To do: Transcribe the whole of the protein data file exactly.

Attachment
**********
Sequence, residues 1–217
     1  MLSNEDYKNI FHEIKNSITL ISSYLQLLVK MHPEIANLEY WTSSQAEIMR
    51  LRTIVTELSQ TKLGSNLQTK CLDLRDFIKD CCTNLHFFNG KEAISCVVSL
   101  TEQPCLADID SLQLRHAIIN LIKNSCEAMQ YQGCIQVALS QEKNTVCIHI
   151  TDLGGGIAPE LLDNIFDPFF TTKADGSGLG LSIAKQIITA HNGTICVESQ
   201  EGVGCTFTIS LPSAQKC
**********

Sequence, residues 1–217
     1  MLSNEDYKNI FHEIKNSITL ISSYLQLLVK MHPEIANLEY WTSSQAEIMR
    51  LRTIVTELSQ TKLGSNLQTK CLDLRDFIKD CCTNLHFFNG KEAISCVVSL
   101  TEQPCLADID SLQLRHAIIN LIKNSCEAMQ YQGCIQVALS QEKNTVCIHI
   151  TDLGGGIAPE LLDNIFDPFF TTKADGSGLG LSIAKQIITA HNGTICVESQ
   201  EGVGCTFTIS LPSAQKC